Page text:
The U.S. commitment to the Kurds was highly cost-effective and productive in fighting ISIS as part of a “by, with and through” approach to harnessing Kurdish strength on the ground. But even without America’s long history of making promises to the Kurds it could not keep, it should have been clear that after the physical dismantling of the ISIS Caliphate, the U.S. relationship with the SDF would become increasingly fraught. Indeed, Washington eventually would have been faced with the choice of supporting either a Kurdish/Arab militia tied however loosely to the PKK, a designated terror group perceived by Turkey as an existential threat, or Turkey, a NATO member.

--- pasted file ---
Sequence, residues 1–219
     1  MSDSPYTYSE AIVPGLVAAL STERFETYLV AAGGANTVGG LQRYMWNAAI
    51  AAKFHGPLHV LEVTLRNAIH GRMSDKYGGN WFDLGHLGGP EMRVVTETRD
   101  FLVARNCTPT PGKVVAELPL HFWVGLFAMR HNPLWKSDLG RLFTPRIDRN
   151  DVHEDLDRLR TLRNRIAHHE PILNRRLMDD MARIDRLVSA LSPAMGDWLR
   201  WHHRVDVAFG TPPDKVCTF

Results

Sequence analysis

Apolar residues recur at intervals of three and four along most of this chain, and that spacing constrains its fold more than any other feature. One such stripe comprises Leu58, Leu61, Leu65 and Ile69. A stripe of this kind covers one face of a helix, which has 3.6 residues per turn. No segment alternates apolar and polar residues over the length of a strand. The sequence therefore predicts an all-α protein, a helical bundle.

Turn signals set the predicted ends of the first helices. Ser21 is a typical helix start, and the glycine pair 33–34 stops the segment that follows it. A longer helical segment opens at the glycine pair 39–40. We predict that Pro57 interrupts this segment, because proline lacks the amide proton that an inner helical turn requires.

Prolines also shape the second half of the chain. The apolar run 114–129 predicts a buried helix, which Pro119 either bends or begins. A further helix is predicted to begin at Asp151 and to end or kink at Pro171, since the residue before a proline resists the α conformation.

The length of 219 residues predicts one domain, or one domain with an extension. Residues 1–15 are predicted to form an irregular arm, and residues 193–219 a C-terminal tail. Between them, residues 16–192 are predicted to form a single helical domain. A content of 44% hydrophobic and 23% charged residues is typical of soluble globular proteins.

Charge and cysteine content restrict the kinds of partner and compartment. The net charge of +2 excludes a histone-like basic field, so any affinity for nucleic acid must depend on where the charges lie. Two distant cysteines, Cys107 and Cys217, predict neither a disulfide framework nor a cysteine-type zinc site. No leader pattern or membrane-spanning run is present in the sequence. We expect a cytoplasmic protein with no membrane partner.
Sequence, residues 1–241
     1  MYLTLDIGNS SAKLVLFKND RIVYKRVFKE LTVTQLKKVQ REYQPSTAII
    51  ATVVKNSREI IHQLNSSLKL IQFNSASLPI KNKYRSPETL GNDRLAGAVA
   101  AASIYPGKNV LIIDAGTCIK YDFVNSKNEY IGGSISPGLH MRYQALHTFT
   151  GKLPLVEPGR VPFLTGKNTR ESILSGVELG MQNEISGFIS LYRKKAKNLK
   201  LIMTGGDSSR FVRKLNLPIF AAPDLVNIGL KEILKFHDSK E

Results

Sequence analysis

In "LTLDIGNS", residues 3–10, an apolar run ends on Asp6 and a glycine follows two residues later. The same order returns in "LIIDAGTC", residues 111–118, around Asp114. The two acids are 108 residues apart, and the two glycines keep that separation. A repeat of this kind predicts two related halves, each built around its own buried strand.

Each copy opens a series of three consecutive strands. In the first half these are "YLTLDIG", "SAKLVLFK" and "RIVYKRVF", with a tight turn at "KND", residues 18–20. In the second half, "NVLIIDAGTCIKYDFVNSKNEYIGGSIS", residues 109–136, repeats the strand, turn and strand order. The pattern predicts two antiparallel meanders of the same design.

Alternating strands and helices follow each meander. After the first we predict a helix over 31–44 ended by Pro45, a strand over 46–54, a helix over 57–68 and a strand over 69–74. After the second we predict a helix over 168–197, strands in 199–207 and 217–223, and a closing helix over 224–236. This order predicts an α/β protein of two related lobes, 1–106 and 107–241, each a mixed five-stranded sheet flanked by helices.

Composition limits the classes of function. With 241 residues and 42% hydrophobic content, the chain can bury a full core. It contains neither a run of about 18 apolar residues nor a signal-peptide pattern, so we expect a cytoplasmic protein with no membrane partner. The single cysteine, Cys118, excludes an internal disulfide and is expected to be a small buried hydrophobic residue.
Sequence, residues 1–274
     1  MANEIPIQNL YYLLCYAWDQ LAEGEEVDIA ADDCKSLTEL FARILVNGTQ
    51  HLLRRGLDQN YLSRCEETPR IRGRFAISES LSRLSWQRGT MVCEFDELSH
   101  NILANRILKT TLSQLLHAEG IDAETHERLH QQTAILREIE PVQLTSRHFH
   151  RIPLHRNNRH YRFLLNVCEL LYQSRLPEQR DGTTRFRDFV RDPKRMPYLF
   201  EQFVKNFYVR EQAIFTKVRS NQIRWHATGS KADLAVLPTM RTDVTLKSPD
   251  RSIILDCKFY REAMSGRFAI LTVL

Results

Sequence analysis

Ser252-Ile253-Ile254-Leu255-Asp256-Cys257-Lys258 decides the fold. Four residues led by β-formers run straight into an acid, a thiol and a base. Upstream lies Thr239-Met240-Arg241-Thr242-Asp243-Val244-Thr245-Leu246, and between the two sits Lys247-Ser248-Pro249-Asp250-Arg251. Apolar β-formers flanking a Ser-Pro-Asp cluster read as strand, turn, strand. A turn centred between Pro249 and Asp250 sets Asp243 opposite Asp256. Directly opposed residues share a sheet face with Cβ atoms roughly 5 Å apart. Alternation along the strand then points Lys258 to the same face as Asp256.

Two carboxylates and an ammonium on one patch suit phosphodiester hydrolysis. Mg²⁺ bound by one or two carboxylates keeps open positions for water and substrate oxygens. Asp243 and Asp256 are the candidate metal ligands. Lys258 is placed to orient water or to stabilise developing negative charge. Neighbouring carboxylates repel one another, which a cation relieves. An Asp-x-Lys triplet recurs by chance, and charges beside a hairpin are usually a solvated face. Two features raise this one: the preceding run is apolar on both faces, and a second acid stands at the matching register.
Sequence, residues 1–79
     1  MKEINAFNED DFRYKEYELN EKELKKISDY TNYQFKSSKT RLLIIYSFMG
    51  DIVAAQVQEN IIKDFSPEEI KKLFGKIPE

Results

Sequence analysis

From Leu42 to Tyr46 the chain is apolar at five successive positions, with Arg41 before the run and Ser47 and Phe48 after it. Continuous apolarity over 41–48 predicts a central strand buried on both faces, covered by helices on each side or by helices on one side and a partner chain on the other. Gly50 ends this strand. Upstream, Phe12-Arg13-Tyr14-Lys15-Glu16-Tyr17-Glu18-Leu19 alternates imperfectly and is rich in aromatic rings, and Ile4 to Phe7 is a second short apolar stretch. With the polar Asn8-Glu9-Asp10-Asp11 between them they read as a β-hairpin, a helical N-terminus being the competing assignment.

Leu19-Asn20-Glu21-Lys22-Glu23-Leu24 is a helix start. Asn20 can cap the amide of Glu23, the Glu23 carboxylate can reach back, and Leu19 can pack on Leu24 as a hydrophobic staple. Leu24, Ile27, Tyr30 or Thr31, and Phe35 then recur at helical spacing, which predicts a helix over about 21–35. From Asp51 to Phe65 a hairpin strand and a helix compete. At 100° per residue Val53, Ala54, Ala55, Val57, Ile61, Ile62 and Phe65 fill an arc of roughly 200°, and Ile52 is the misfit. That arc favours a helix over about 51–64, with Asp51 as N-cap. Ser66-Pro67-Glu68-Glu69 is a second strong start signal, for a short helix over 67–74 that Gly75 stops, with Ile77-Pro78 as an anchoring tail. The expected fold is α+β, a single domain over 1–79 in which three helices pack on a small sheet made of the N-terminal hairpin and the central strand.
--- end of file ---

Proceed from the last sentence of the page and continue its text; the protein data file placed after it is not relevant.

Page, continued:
The SDF did not sacrifice its fighters out of love for America; rather, it hoped to harness U.S. power to help protect Kurdish territory and guarantee autonomy in a future Syria. Washington and the Kurds formed a marriage of convenience to defeat ISIS, but over the longer term there would have been a reckoning over divergent goals. The territory the SDF controlled was roughly the size of West Virginia and it is sandwiched between a deeply suspicious Turkey and an Assad regime equally resolved to bring all of Syria under its control. Consequently, survival of the SDF would have depended on Washington’s willingness to help protect the Kurds from Turkey and likely a long-term U.S. presence and security guarantees as well as support for Syria’s stabilization and reconstruction. Perhaps a future U.S. administration would have accepted these responsibilities in order to contain ISIS and gain leverage over the Assad regime. But the Trump administration was not about to get drawn into the Syrian vortex. And it is an open question whether the administration that follows Trump (be it in 2020 or 2024), Congress and the American public would be prepared to foot the bill of not just fighting jihadists but getting drawn into what would have been a nation-building exercise as well.